For the success of the curriculum, the forum asked the government to invest in infrastructure and hire more instructors.
The Kenya National Union of Teachers (Knut) stated that teachers were pressured to prevent them from exposing the government to the truth about when and how to adopt CBC.
Knut Secretary in the County of Homa Bay Patrick Were, Homa Bay Executive Secretary Cornel Ojuok, and his Rachuonyo Counterpart Eliud Ombori stated that a refusal to acknowledge the truth was to blame for the problems plaguing the curriculum’s implementation.
Teachers were threatened with expulsion whenever they attempted to speak the truth about the curriculum.
“CBC has numerous issues but it is unfortunate that any teacher who tried to tell the truth received threats, including interdiction. We are glad that President William Ruto’s government has given us opportunity to tell the truth about this curriculum,” Were said.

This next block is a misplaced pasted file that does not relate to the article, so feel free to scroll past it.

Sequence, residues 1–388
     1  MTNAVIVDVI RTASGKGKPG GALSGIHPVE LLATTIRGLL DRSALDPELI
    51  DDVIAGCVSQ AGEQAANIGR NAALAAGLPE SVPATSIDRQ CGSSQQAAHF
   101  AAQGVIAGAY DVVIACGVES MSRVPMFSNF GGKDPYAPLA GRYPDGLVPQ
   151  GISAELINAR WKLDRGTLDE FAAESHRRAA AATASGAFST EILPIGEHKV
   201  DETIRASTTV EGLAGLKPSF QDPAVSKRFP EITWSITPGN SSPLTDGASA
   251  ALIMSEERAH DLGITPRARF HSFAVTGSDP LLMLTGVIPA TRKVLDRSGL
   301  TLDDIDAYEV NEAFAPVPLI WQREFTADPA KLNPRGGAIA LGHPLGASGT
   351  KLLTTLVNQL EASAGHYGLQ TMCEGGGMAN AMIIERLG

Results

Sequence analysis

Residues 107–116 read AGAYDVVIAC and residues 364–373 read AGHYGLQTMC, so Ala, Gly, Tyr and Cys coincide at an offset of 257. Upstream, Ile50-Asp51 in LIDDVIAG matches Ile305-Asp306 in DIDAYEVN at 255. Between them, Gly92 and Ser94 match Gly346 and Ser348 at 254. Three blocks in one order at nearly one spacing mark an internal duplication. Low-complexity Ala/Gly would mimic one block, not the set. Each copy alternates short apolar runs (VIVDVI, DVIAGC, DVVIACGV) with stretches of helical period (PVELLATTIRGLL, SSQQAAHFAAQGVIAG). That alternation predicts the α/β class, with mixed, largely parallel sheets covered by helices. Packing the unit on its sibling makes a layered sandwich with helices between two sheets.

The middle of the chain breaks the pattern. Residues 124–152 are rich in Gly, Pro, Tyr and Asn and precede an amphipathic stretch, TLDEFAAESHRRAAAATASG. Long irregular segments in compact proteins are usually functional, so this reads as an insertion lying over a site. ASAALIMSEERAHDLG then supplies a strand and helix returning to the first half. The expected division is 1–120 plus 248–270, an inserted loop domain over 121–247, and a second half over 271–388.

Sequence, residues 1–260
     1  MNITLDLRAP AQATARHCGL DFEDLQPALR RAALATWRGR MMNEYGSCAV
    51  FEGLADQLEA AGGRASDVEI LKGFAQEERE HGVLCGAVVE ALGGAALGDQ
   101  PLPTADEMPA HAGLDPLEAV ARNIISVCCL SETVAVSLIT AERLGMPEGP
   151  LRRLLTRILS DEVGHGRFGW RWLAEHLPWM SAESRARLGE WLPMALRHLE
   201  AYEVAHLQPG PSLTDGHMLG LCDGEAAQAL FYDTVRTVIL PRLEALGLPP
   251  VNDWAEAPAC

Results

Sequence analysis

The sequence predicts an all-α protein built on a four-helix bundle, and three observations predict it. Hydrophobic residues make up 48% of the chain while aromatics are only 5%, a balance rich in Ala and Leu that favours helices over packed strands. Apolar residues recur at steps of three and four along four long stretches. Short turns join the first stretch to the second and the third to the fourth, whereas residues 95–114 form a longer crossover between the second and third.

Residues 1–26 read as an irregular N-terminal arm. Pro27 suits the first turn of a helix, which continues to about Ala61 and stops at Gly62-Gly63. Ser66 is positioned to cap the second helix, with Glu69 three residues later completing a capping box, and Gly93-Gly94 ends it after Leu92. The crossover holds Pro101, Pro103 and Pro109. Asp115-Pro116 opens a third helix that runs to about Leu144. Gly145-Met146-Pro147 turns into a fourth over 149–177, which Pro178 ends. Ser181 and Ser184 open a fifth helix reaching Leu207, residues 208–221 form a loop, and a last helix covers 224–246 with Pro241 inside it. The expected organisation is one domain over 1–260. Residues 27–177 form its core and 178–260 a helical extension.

He stated that CBC should be stopped after this academic year until President Ruto makes a final decision based on the results of the task committee.
“Our position is that the CBC should be suspended as soon as possible until the president makes a determination on whether to scrap it or continue with it. As it is today, it is causing harm to teachers, parents and pupils,” Were said.
The necessity that parents also play a direct role in educating their children is cited as one of the program’s flaws since “some parents never attended school.”
Participants also highlighted the cost of implementing CBC and poor infrastructure and teacher shortages as crucial obstacles to the curriculum’s implementation in public schools.
Representatives from secondary schools around the county stated that CBC should not be eliminated, as some have urged. They desire the elimination of ambiguity to facilitate the execution of the program.
In Elgeyo Marakwet, stakeholders reported that the curriculum lacked a clear path for students and was highly costly for parents.